Last updateWed, 19 Oct 2016 4pm

Menopause sometimes requires a survival guide

Menopause has gotten a bad rap. Women in their 40s and 50s who have any symptoms – from moodiness to insomnia and headaches – may believe that it’s a normal part of aging and there’s not much they can do about it.

Library also offers coloring, inclusive storytime events

Along with baby story time and sign language, the Los Altos Library offers other programs that are catching on with the community.

‘Keep Calm and Color’

Swapping the baby coos for Enya, the same room in the library reassembles as a haven for older patrons during “Keep Calm and Color!” events. They invite grownups to gather and just, well, color – in adult coloring books – an increasingly popular fad associated with relaxation and meditation as much as it is creativity. Librarian Pat Oey organized the pilot session this spring and to her surprise, found a following.

Sleep deprived? Try these tips to get more Zs

Is counting sheep to drift off to sleep not working for you? If that’s the case, you’re not alone.

According to the Centers for Disease Control and Prevention, more than a quarter of the U.S. population states that they occasionally don’t get enough sleep. Nearly 10 percent experience chronic insomnia. Insomnia is a medical condition that keeps you from falling asleep, staying asleep or both.

Reading in sign, ink and song

Megan V. Winslow/Town Crier
A baby girl learns sign language during a program offered Wednesdays at the Los Altos Library.

Visit Los Altos Library’s community room on a Wednesday afternoon and you’ll see its plain gray expanse descend into a slobbering, rolling, gurgling-baby Thunderdome.

Younger babies watch older babies. Toys rattle, jiggle and quake while children squeal without shushing. Parents ask each other questions, discuss impending returns to work and take the time to admire each other’s young.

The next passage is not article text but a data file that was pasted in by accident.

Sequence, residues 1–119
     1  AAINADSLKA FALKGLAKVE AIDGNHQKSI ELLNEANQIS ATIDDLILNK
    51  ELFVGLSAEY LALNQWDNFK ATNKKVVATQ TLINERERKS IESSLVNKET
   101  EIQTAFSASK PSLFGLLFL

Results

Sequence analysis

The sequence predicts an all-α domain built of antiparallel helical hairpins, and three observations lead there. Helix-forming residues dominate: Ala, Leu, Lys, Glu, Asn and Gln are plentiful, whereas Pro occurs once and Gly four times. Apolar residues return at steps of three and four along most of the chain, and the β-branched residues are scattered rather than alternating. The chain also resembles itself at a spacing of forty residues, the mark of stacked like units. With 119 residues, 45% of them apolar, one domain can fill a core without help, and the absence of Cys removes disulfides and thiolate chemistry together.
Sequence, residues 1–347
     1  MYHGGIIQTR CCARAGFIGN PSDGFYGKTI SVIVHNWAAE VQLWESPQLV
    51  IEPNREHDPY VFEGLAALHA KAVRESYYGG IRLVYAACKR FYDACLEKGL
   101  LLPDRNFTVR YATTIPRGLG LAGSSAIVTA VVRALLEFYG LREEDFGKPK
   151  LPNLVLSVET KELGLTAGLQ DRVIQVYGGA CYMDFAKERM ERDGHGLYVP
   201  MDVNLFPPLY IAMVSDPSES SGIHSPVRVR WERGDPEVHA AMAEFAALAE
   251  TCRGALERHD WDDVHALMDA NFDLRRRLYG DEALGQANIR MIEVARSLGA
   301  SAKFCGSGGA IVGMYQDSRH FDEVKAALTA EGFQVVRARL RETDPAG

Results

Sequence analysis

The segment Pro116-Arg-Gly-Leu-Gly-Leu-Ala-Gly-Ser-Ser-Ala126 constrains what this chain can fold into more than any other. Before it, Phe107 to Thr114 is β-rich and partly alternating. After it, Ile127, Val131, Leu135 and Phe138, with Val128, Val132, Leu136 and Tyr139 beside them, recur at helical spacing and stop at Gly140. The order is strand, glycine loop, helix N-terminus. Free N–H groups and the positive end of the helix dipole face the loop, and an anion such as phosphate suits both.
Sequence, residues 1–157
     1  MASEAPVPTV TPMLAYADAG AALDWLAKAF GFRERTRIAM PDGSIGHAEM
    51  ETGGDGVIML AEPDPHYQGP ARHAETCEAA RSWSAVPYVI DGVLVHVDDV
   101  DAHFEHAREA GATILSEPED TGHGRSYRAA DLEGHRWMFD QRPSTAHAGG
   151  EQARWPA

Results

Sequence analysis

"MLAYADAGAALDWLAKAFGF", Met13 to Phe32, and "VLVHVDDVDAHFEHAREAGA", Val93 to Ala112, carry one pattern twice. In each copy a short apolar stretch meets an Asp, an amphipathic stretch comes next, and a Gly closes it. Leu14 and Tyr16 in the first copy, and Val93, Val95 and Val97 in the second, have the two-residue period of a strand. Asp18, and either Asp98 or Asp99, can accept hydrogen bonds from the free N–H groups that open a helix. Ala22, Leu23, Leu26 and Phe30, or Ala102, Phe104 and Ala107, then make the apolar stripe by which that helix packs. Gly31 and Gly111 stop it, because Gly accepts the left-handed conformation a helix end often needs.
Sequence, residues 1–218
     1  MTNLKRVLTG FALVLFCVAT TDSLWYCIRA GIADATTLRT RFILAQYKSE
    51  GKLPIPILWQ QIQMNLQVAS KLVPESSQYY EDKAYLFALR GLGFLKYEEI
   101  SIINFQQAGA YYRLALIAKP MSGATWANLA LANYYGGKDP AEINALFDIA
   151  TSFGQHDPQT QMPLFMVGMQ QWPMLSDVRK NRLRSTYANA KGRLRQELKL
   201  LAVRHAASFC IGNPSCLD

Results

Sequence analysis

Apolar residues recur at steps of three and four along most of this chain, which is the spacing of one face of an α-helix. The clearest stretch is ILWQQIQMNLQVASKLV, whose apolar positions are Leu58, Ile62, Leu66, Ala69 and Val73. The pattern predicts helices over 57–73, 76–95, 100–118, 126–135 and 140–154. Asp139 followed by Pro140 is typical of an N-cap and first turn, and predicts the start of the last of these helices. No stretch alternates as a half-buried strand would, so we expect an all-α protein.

ECH's ASPIRE expands to empower struggling youth

Photos by Alicia Castro/Town crier
El Camino Hospital’s mental health and addiction services leaders Michael Fitzgerald and Lauren Olaiz, above, review artwork, right, by participants in the After School Program Intervention and Resiliency Education.

Nahal Zakerani, Ph.D., last week recounted a true and all-too-common scenario.

The El Camino Hospital therapist spoke of a 15-year-old girl who harmed herself and thought about committing suicide. She rarely communicated with her father – especially not about traumatic events from her childhood. But then the girl began attending the hospital’s After School Program Intervention and Resiliency Education.

Submit a Letter to the Editor

The Town Crier welcomes letters to the editor on current events pertinent to Los Altos, Los Altos Hills and Mountain View. Write to us at 138 Main St., Los Altos 94022, Attn: Editor, or email editor Bruce Barton at bruceb@latc.com. Because editorial space is limited, please confine letters to no more than 200 words. Include a phone number for verification purposes. Anonymous letters will not be printed.

You can also have your say right here at losaltosonline.com – scroll to the bottom of any story to add a comment. 

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